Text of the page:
Table Talk with Food, Wine & Spirits Professionals
presented by Colangelo & Partners Public Relations
At no point ever in the history of the US wine industry, has the diversity of wine available to consumers been as exciting as it is today. Wines and styles from regions previously unknown to even the most educated of drinkers 30 years ago, are now popping up on retail shelves and restaurant lists all over the country…and guess what? They are actually pretty good.
The combination of new technology, improved viticultural practices and the opening of borders have given ambitious winemakers from budding regions around the world, the opportunity to showcase their indigenous grapes and wines on a global level.
This, combined with the continued maturation of the American palate over the last few years, has given many David-like producers the ability to take aim at Goliath’s such as Bordeaux, Champagne and Burgundy. Descriptors like “rustic”, “oxidized”, “high acid” and “nutty” are no longer frowned upon, as wine lovers begin to see flavors and smells in the context of terroir, culture and a sense of place.
Here are some of the breakout wine regions/grapes/styles that will be making waves in 2014:
Jaen and Alfrocheiro
Swartland Rhone Blends
Tags: Alfrocheiro, Franciacorta, Italian wine, Italy, Jaen, Portugal, portuguese wine, Rueda, South Africa, south african wine, Spain, Spanish wine, Sparkling wine, Verdejo
Saturday, February 22nd is National Margarita Day. Even though it’s been a cold and snowy winter, the margarita is a perfect escape cocktail for those wishing they were in a warmer climate. Combining Tequila, lime, nectar and ice, a simple margarita can be satisfying even on the most wintry of days. While a lot of margarita recipes out there call for the addition of triple sec or a secondary alcohol (which increases the alcohol as well as the calories in the days when many are dieting), the best idea is to keep it simple. Mastering a perfect margarita comes with time and practice. Here are some tips to make authentic, crowd-pleasing margaritas for National Margarita Day:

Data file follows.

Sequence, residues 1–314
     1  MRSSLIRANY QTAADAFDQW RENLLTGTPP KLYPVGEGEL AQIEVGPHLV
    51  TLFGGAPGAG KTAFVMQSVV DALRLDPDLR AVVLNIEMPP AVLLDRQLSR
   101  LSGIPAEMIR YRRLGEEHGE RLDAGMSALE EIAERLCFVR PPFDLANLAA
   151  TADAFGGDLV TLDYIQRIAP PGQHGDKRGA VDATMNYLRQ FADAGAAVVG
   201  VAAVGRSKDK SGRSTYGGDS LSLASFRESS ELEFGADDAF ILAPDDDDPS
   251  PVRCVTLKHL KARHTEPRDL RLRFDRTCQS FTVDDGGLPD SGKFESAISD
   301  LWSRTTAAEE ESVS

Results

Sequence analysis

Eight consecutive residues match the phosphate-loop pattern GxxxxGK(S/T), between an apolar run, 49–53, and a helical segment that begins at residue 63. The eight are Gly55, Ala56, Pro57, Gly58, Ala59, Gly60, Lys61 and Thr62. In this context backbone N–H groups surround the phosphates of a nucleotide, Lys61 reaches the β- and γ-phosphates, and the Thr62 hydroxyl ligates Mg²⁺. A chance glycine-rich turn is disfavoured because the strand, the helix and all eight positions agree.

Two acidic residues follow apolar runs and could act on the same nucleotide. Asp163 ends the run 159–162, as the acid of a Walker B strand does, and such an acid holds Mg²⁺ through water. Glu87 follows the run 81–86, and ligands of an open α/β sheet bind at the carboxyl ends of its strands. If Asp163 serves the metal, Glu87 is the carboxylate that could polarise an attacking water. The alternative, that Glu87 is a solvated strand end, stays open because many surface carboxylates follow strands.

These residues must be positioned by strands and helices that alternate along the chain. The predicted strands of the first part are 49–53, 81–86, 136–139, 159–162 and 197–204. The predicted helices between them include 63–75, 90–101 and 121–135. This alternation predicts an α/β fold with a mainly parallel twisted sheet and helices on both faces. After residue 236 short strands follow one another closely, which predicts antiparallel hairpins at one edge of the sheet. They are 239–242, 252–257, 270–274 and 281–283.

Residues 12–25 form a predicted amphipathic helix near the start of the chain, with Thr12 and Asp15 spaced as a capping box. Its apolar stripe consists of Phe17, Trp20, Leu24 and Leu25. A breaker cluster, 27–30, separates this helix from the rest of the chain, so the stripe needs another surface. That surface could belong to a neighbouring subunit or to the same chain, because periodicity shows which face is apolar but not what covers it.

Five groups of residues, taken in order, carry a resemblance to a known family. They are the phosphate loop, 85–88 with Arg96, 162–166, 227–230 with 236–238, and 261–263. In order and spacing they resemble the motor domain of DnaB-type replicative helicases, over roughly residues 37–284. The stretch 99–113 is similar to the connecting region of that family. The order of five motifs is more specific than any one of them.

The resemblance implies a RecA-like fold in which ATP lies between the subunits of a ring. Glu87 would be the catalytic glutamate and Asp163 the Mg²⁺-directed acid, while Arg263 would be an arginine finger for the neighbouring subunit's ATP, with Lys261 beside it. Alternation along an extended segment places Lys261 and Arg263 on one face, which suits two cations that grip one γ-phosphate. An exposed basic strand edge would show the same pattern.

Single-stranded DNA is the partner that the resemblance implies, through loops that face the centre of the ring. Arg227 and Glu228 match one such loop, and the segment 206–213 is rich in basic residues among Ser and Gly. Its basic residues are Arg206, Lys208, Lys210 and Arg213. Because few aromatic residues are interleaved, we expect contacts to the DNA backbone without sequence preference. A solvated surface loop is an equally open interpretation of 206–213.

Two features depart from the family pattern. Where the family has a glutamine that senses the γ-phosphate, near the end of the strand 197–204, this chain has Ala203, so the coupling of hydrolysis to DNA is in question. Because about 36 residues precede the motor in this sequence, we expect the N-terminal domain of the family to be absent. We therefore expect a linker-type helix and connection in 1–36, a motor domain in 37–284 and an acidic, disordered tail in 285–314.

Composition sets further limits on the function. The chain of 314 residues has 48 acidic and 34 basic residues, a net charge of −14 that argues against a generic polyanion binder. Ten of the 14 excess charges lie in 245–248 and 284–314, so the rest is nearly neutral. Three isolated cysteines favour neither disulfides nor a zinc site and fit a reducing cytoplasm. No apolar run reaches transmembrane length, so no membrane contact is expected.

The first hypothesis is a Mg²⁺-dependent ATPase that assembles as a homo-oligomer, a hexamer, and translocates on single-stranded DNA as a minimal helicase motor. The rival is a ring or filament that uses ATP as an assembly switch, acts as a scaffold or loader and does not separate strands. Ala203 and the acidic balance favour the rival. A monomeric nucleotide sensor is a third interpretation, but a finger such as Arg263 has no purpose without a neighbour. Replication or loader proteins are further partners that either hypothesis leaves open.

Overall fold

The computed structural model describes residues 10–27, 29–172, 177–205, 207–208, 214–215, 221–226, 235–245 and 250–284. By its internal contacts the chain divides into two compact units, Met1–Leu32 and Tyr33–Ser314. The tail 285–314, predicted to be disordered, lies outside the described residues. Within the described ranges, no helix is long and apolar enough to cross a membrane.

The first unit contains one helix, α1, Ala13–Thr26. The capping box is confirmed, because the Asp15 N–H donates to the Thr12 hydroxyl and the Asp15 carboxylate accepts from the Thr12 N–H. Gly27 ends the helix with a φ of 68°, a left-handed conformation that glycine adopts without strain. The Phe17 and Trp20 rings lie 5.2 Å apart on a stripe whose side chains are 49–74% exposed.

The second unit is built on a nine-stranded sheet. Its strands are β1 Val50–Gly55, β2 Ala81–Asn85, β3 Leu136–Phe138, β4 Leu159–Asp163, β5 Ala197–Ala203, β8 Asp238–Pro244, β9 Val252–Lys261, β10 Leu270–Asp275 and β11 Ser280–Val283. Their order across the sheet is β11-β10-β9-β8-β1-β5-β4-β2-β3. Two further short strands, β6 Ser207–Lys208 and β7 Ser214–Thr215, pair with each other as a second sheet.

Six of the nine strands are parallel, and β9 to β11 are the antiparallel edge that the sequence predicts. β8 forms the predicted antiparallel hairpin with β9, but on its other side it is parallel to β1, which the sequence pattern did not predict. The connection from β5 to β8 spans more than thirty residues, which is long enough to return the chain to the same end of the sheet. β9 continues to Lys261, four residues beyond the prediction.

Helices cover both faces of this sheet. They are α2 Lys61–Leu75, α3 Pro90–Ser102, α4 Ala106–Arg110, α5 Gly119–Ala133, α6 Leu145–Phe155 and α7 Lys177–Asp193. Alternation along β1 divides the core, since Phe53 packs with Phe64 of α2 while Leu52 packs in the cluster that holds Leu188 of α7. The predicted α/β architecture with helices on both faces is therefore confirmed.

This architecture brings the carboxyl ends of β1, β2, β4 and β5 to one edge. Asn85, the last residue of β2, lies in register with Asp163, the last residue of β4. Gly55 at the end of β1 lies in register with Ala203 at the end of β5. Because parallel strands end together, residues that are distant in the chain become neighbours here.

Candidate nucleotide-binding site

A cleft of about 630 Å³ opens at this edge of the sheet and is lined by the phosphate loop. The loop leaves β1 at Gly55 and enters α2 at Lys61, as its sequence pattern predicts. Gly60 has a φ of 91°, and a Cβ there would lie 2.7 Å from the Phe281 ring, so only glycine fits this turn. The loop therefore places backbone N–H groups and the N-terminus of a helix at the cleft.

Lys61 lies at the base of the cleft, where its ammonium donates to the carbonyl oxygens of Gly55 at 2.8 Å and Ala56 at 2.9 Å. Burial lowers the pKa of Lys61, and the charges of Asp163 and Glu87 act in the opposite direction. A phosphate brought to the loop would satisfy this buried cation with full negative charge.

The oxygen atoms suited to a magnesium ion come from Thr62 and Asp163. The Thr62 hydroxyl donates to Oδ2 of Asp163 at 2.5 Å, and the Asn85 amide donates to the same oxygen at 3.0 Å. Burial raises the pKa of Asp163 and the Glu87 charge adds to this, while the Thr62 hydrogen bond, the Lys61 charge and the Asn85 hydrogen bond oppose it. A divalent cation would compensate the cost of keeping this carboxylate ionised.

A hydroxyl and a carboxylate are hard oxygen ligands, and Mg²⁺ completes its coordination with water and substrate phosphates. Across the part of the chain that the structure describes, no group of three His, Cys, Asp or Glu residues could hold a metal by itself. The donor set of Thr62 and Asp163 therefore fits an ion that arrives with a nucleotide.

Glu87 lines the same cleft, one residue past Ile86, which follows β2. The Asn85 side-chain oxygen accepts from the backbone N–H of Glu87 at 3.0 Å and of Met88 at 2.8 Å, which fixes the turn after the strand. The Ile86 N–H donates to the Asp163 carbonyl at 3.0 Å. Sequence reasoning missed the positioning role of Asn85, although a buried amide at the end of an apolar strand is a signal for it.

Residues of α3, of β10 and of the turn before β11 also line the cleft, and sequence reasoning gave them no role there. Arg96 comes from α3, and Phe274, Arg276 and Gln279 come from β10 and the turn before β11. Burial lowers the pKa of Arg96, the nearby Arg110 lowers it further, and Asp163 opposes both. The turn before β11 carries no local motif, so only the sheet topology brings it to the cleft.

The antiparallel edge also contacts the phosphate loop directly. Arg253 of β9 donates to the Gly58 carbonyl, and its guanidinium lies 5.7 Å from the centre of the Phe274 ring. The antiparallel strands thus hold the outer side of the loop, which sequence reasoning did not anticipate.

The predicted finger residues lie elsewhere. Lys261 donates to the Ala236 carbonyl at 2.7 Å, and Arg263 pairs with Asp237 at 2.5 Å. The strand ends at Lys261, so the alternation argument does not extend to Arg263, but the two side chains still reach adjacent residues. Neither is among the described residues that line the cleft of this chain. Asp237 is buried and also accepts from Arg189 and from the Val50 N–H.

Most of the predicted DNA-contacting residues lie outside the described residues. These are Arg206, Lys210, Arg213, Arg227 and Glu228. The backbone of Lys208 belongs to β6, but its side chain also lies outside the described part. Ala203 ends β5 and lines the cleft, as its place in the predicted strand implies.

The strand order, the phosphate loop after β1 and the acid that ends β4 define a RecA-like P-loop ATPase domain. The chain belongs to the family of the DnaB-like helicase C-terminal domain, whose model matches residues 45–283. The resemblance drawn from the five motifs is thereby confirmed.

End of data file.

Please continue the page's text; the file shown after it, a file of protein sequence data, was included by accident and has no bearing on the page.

Happy National Margarita Day! Salud!
Q. How are walk-around wine tastings like the weather?
A. Everybody complains about them, but nobody does anything about it.
Institutional wine organizations, participating producers, sponsors, US wine trade, press – nobody seems too happy with the traditional walk-around wine trade tasting format. The wine marketing organizers complain about the lack of measurement, never enough attendance, quality of attendees and usually the weather. Wine trade don’t feel like the time of year is ever quite right for their buying cycles, and they just don’t seem to get the information they really need. Producers never know if they’re talking to the ‘right’ people, the ones who make the buying decisions.
So how to fix it? Here are some ideas:
Easier said than done. But shouldn’t we always challenge ourselves to do better?
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Could one event get possibly more bad publicity than the Sochi 2014 Winter Olympics? Hard to imagine. From the very beginning, when one of the five rings failed to ignite during the opening ceremony, Sochi has been the biggest laughing stock across social media platforms and throughout the news. There have been countless buzzfeed lists about the conditions of toilets in the winter games city, a multitude of #sochiproblems across the web and endless critique on Putin and Sochi by nearly every major media outlet.